The village of Roca has become a leader in the treatment of the virus, as well as being a hub for community-based efforts.
It’s not just a case of helping the people living there, but also bringing them together.
In an effort to bring their communities together, the village is hosting a “Day of Unity” to celebrate the progress of the disease.
The village has been working hard to find ways to address the spread of the HIV/Aids pandemic and also to combat stigma, said Daphna Chant, the program manager at Roca’s HIV/ADHD program.
For example, people have started to dress more in a way that’s less stigmatizing and it also leads to a lot of people talking about how they feel and sharing their stories.
Roca Village is also a hub to connect people with resources and services.
It was founded in 2007 and serves as a hub in rural communities for people with HIV and Aids.
The program has been so successful that the community has expanded to include a range of services, including a pharmacy, a library, and a wellness center.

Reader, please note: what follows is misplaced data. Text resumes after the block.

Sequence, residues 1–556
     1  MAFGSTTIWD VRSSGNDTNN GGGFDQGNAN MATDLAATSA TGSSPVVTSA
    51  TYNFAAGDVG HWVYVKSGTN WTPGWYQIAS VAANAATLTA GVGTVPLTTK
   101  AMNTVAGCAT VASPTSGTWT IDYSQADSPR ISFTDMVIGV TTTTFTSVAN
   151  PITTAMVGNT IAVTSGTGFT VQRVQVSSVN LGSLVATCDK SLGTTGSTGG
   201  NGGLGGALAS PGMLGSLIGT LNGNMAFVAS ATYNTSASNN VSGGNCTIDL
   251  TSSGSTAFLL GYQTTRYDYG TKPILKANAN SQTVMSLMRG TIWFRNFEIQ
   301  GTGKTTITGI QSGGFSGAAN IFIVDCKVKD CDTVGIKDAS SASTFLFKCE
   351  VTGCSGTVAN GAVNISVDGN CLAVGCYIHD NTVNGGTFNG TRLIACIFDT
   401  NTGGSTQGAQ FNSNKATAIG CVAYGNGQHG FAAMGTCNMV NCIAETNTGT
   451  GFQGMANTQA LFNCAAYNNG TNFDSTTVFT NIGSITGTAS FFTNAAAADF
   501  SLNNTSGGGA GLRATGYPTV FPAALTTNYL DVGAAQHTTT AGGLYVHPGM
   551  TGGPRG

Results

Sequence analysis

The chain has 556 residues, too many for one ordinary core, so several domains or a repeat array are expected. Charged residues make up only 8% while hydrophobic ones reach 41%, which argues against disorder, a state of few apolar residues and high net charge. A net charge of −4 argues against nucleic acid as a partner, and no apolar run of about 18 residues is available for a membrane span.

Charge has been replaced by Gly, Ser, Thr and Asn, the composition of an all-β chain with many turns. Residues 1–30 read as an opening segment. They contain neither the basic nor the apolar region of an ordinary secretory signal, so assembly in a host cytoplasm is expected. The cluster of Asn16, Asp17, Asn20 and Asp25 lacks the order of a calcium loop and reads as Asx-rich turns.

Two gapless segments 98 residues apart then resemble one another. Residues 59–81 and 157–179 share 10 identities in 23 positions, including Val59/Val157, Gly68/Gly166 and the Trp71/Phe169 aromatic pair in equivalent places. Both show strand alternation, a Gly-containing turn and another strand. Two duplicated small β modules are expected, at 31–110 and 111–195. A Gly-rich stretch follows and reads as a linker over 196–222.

It has also launched a partnership with local high school to make sure the school’s new students are well-rounded and equipped to tackle the disease, Chant said.
Rochester is one of a number of villages across the U to have become leaders in treating the spread and treatment of HIV/Adults with HIV.
It is also one of the first in the world to reach the 1 million mark in cases and deaths.
The village also has a large, diverse population of about 20,000 people, and is working to expand its services to include other communities.
The program also serves as an outlet for local community leaders to express their views, especially those that are often difficult to hear in public, Chants said.
They have a number who are well known for their views and they are coming together to show that the world is listening to what they are saying.
The community-led initiatives and the outreach work also has the added benefit of reducing stigma, she said.
“People who have HIV are more willing to come forward and talk about their experience with HIV, and that can help people feel less alone, less isolated.”
This article originally appeared on Mashable, which is published in partnership with Mashable.